Thursday, March 02, 2006

Yerba Mate Question.. and then his brain is off like a wild horse..

So I received an email from a friend the other day asking me about where I get my Yerba. The following is my response.

Hi Jason!
Thanks for the encouragement.
About the Yerba question. I haven't ever purchased Yerba goods online. I usually make my purchases at a Laminate Flooring/Importer in Abbotsford. If you could find an importer near you it may be better for you to buy through her/him.
It may be however that you'll need to use the internet for you purchasing.
Most of the people at Camp drink Pajarito but I've also enjoyed Cruz de Malta. To start you'll definitely want to buy a bombillia and a guampa (or matero depending on what they call it). A themos is very helpful. I have two. One has a pump top on it, like a large coffee pump, the other I bought at Mountain Equipment as it is more secure for travelling. If you're interested in drinking it cold (terere) then you may want to think of getting a large container that can accommodate ice as well. Add a little lemon to the water and it's very good.

Anyways.. I hope you have a good day and many enjoyable yerba mate experiences. And I look forward to the when next we meet. May the Mate flow. ;)

Your buddy,
Jordan


Speaking of Mate it's always interesting going into a new situation where people aren't familiar with the customs or appearance of Mate. The usual questions arise. Is that a bong? What are you smoking? (Being from BC people of course assume that I smoke pot) What are you doing? Is that some form of sex toy? (I've actually gotten that one once. I'm not really sure what they were thinking and I don't really want to know). I find many things amusing about these situations. There are the people who come out and ask you straight up, and then there are those who observe from a distance but don't ask.

But not all the people you meet are unaware of the Mate goodness. Usually there are a couple people who respond with "you're not a part of that cult too?" or something along those lines. I could respond by directing their attention to the number of people who daily offer their sacrifices and pay their tithes at the Church of Coffee. And of a sudden I suppose, in this culture, in this part of the world, that is the orthodox faith. The morning cup all prepared and presented before you. Instant gratification. Pay money. Get coffee. Throw out the cup. Repeat. Of course there are some who still grind and brew their own and take a travel mug. Perhaps they're more a "reformer," back to the basics.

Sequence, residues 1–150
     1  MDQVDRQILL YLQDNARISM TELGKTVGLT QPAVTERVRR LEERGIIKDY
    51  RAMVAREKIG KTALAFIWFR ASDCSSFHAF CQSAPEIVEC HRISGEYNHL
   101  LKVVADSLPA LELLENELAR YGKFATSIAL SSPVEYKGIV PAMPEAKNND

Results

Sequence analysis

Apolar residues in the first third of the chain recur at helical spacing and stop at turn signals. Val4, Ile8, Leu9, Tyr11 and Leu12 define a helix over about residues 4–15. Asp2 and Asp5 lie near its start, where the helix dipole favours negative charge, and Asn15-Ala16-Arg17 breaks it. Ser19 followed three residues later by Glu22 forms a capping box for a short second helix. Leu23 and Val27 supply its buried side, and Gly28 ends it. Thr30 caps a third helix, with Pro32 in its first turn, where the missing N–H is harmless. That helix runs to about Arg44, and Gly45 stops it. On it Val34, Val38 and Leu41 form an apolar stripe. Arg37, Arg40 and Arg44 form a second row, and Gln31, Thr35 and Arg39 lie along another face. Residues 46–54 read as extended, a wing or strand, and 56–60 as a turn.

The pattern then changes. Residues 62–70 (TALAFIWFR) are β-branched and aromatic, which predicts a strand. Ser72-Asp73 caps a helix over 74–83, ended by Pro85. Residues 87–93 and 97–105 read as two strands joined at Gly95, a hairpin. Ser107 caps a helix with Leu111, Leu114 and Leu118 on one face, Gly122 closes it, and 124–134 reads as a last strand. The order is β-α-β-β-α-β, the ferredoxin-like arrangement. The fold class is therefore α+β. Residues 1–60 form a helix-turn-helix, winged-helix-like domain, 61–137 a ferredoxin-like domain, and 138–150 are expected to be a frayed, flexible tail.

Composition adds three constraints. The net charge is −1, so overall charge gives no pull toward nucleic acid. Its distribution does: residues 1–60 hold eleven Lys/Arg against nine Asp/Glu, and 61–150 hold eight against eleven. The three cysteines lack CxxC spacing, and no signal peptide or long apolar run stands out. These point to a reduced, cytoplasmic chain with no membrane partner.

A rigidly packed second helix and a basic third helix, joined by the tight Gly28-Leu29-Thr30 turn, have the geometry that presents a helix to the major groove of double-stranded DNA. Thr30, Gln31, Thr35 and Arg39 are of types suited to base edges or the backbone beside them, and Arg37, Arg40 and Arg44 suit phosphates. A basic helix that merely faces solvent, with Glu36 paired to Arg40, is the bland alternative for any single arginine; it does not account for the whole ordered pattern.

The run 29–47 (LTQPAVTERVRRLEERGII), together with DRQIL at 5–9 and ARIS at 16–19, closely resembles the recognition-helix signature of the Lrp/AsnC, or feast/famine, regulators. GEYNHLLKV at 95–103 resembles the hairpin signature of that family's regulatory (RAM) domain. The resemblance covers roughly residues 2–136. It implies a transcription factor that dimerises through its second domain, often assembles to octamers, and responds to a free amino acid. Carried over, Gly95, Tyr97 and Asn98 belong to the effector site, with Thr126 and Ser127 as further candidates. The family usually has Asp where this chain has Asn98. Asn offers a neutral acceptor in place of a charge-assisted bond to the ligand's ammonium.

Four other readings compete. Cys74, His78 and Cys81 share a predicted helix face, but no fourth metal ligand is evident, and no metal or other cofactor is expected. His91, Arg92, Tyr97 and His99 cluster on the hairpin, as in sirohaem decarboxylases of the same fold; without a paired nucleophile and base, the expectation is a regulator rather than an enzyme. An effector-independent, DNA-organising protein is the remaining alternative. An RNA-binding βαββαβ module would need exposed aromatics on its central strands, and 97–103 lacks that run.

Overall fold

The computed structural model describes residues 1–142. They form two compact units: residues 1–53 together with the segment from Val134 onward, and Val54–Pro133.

I enjoy the ritual of putting the mate in the guampa, shaking, settling, soaking, preparing, inserting the bombillia while boiling the water and filling the thermos. Perhaps it's similar for the coffee brewers. I suspect it may be. Daily rituals the bring some form of comfort and continuity to the day. If only for this time everything is going as planned. The spiritual act of imbibing. Taking the time to do it right. And that's something I've discovered about my spirituality. My journey. Taking the time to do it right is difficult but rewarding. Sure people can just go buy a cup of coffee. There's instant mate and prepackaged mate tea bags as well. And I could go this route and sacrifice something else in the name of progress and expediency. But what a sacrifice that would really be. It seems to me that it isn't how many things I fit in a day that brings me peace, joy, contentment, but rather knowing that I've done the things I've done well. Like taking the time to prepare, pour, and partake.

And in the meantime and inbetween times I'll remain doing the different thing, walking a slightly skewed path, trying to live my life as best I'm able, and being thankful for the friends along the way.

Thank you all for your friendship,
Jordan

Hmmm... perhaps I should look at the benefit of Mate friendships as well.

An addendum: I hope that this in no way is seen as a coffee vs mate battle. I believe that there is beauty and joy in each. My desire is that people would be introduced to the joy in process that can play a wonderfully rewarding role in our lives. What I am against is the lie of instant gratification that much like westernised Chinese food fills you momentarily but leaves you hungry in a short time. So we have instant everything and it's consuming our resourses and filling our dumps. How much is "convenience" taking from us?

Nor am I refuting the enjoyment people get from the coffee prepared for them by someone else in the store setting. I just think that perhaps their is a deeper element awaiting behind. Perhaps peeking out. OK OK. I like simplicity and being frugal. May you just enjoy what you do. At least enjoy it. Please. This is what I enjoy. ;)

2 comments:

Anonymous said...

Hey jordan, it's jordon, what's the location of that importer in abbotsford, i've been meaning to get my hands of a guampa and bombilla for a while now, had it all set up with the deej until he disappeared upto vancouver. Figure if i don't get one now i never will, and its a good drink / random conversation starter. Anwyays hope all's going well with you friend, God Bless.

Jordon Prokuda

Jordan said...

Hey Barracuda!
Thanks for the email. It is going well for me. The importers in on George Ferguson Way in a plaza on the right (if you're coming down from Clearbrook). It's the plaza before the Shell Station. There's a soccer west in their too I believe. Anyways.. have a gooder.